• Fight for the Future, a nonprofit advocacy group that has pushed for net neutrality and free speech online, has set its sights on Apple's battle with the FBI. To that end, the organization said it is organizing rallies in more than 30 cities on Tuesday, including in Brandon and Tampa. The protests are in support of Apple's decision to fight the FBI's attempts to force the company to hack into an iPhone used in December's terrorist attack in San Bernardino. The 5:30 p.m. rallies are set to take place at International Plaza and Westfield Brandon. Both malls have Apple stores. Follow Sara DiNatale on Twitter (@sara_dinatale) for more.

• The Syrian government and the main umbrella for Syrian opposition and rebel groups announced today their conditional acceptance of a proposed U.S.-Russian cease fire that the international community hopes will bring them back to the negotiating table in Geneva for talks to end the war. The announcement came after the United States and Russia agreed on a new cease-fire for Syria that will take effect Saturday, even as major questions over enforcement were left unresolved. The Syrian Foreign Ministry said in a statement Tuesday that it accepts the proposed truce, adding that operations will continue against the Islamic State group, al-Qaida's branch in Syria and "other terrorist groups linked to them." "The Syrian government stresses the right of its armed forces to retaliate against any violation carried out by these groups," the ministry's statement said.

• U.S. officials say the Pentagon's long-awaited plan to shut down the detention center at Guantanamo Bay, Cuba, and transfer the remaining detainees to a facility in the United States calls for up to $475 million in construction costs that would ultimately be offset by as much as $180 million per year in operating cost savings. The plan, which will be delivered to Congress today, is the administration's last-ditch effort to make good on President Barack Obama's campaign vow to close Guantanamo and convince lawmakers to allow the Defense Department to move nearly 60 detainees to the U.S. But the plan provides few details, and may only further antagonize members of Congress who have repeatedly passed legislation banning any effort to move detainees to the U.S.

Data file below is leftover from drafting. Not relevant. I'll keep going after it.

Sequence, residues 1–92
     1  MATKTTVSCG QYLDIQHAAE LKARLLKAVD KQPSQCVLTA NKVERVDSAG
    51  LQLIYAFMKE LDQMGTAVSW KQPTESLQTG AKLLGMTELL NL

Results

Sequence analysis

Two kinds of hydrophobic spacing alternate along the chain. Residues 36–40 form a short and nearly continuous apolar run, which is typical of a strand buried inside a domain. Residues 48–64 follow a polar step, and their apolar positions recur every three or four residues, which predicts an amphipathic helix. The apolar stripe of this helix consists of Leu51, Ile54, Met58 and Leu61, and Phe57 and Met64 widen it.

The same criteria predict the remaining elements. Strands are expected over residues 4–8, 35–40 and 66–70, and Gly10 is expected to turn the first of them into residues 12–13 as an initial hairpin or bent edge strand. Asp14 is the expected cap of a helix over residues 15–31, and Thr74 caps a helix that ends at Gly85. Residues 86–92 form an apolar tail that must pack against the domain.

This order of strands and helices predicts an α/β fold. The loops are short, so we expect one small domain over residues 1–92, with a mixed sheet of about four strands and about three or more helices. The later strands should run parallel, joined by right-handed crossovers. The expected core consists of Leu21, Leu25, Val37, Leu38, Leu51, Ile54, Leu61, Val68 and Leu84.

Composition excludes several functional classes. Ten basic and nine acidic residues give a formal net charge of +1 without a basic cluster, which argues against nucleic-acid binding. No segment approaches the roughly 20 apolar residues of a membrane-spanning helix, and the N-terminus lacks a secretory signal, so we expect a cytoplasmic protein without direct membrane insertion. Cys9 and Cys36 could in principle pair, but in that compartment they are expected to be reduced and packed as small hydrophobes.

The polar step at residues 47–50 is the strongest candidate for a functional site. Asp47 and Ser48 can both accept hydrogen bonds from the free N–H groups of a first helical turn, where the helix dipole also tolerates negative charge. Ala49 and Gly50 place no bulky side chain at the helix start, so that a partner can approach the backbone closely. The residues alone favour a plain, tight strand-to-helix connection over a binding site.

• Joint teams of U.S. and Brazilian health workers will fan out across one of Brazil's poorest states today in search of mothers and infants for a study aimed at determining whether the Zika virus is causing babies to be born with unusually small heads. Brazil's health minister, Marcelo Castro, says he is "absolutely sure" mosquito-borne Zika is responsible for a spike in cases of the rare birth defect microcephaly, which sees babies born with small heads and brains and can cause severe developmental problems. But with scant scientific literature published on the matter, some doctors in Brazil and elsewhere say there is not yet enough scientific data to prove the connection.

Times photographer Lara Cerri visited a handful of the local farmers amid prime produce season to get a glimpse of how they tend their farms. Meet them on their home turf and see the amount of effort it takes to sell what you've grown.

• Here are the top things to do today around Tampa Bay, including Tony winner Matilda, based on the book by Roald Dahl, opening at Tampa's Straz Center.

DayStarter: Warm with some scattered showers; Nevada caucuses today, and Tampa's new police review board has its first meeting 02/23/16 [Last modified: Tuesday, February 23, 2016 10:57am]